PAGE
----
Turkish TV dramas play key role in ‘soft power,’ says culture minister
ISTANBUL – Anadolu Agency
Popular dramas are among the country’s most well-known economic and cultural exports, says Turkish Culture Minister Ömer Çelik (C). AA photoTurkey’s exports of home-grown television dramas play a key role in wielding “soft power” across the region, a Turkish culture minister has said.
By creating a lasting influence on Turkey’s image in the region, popular dramas are among the country’s most well-known economic and cultural exports, said Turkish Minister of Culture and Tourism Ömer Çelik June 12.
Çelik was speaking at the Istanbul Television Forum and Fair (İTVF), which was held in Istanbul.
Turkish television series have been sold in over 100 countries, contributing to a boom in the country’s domestic television industry.
In 2012, Turkish soap opera exports were worth around $200 million, up from $10,000 in 2004, Çelik added. Stating the most dynamic sector in the world is broadcasting, he said Turkish dramas shaped the cultural and economic life of people’s ordinary day.
“It is vital that pluralism finds itself in broadcasting, as it is the key factor for a dynamic culture. If a country rejects cultural diversity and tries to form a monotype society, it will be impossible for that country to have a voice in the world,” Çelik said.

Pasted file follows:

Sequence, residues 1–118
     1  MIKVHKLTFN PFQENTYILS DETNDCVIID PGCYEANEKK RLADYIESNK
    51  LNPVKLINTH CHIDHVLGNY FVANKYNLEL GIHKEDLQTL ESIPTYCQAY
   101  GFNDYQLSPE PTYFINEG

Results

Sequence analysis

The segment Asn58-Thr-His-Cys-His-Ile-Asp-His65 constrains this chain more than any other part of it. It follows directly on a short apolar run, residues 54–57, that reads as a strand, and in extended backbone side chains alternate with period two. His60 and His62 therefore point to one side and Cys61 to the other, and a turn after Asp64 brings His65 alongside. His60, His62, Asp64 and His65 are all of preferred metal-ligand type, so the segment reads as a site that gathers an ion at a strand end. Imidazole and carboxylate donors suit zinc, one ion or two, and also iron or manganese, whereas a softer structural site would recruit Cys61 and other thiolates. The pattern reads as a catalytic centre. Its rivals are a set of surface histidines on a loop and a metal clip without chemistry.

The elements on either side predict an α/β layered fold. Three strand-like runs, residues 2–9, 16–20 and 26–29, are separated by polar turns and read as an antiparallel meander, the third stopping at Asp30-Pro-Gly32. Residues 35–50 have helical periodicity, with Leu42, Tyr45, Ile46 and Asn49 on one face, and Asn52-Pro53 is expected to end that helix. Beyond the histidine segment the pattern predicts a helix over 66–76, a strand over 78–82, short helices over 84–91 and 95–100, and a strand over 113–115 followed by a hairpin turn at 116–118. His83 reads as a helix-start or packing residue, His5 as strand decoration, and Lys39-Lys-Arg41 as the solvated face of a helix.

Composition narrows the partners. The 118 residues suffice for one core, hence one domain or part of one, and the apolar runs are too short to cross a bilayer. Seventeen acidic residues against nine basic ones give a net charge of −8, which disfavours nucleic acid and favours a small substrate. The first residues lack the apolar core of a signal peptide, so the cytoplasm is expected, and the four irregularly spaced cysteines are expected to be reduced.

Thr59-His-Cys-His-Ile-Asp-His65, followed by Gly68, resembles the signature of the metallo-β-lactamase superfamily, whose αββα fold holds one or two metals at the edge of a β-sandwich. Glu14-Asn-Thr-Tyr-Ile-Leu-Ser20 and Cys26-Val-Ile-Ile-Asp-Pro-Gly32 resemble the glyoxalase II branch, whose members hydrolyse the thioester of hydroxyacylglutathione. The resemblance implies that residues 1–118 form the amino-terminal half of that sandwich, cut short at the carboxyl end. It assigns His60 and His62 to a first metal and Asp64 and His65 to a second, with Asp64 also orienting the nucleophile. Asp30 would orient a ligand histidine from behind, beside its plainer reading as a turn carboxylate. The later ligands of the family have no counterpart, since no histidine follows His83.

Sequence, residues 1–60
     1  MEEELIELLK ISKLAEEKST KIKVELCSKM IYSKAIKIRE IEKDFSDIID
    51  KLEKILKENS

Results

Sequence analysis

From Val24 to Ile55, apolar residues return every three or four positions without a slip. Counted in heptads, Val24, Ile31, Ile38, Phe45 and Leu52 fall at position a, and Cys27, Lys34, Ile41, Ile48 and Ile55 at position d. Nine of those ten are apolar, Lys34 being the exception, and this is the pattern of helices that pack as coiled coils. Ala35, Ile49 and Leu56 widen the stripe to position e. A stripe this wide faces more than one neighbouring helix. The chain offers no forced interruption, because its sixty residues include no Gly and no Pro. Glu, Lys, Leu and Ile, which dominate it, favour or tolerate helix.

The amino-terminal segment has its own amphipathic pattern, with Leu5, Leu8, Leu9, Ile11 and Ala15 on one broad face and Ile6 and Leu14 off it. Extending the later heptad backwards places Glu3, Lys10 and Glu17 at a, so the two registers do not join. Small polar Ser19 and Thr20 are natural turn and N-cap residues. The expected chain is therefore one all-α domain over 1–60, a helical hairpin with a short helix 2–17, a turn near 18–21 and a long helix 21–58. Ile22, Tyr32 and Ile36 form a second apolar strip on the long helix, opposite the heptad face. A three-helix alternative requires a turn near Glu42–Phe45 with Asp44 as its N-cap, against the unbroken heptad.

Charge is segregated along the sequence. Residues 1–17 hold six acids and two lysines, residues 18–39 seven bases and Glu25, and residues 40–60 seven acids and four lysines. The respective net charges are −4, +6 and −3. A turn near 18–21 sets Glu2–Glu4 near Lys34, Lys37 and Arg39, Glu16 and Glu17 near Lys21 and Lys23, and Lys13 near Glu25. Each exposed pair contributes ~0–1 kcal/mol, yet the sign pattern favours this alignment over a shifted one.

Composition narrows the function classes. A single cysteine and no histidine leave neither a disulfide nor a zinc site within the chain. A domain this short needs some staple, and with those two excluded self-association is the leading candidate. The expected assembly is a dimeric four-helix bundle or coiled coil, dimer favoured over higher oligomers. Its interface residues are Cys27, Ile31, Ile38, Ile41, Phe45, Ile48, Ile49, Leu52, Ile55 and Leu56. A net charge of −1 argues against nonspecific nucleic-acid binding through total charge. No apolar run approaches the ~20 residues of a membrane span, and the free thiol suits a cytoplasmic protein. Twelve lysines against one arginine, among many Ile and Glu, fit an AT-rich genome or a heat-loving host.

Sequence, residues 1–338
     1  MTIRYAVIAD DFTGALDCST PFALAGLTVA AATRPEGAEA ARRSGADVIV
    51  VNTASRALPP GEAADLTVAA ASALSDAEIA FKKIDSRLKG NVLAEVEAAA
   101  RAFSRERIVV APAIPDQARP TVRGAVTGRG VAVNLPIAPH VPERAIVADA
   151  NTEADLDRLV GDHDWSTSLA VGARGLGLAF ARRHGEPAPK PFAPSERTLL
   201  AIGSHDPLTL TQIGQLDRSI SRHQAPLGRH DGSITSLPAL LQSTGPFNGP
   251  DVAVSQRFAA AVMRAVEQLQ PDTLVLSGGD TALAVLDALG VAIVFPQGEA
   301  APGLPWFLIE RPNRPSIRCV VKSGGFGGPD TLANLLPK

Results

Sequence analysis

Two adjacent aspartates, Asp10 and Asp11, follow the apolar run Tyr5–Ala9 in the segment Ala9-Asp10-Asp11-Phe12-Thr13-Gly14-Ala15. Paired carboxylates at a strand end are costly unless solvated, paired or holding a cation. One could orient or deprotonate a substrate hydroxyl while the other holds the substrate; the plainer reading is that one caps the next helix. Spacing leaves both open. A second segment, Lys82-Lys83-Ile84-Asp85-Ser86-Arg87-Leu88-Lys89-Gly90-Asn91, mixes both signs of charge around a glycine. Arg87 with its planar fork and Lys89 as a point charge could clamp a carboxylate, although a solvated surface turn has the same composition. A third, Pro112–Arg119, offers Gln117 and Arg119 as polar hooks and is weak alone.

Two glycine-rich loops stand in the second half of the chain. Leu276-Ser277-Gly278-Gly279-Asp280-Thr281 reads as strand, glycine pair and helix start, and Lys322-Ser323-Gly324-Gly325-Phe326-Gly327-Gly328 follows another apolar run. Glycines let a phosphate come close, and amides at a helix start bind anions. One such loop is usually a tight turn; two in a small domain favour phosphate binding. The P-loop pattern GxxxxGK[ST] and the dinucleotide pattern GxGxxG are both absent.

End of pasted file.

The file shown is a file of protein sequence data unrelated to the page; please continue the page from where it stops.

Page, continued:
Underlining that the world is a “global village,” Çelik said it would be wrong to become isolated in order to preserve national culture.
“We’re particularly proud to see Turkish dramas are broadcasted in 130 countries across the world, which means Turkish culture and life is being shared with many people of different cultures,” Zahid Akman, chair of the Association of Television Broadcasters, said while praising the success of Turkish TV dramas.
One particular success story has been “The Magnificent Century,” one of the most popular Turkish television dramas, which tells the life of the Ottoman Sultan Süleyman the Magnificent. The show has proven highly popular both in Turkey and internationally, being broadcasted in 43 countries and watched by over 200 million people.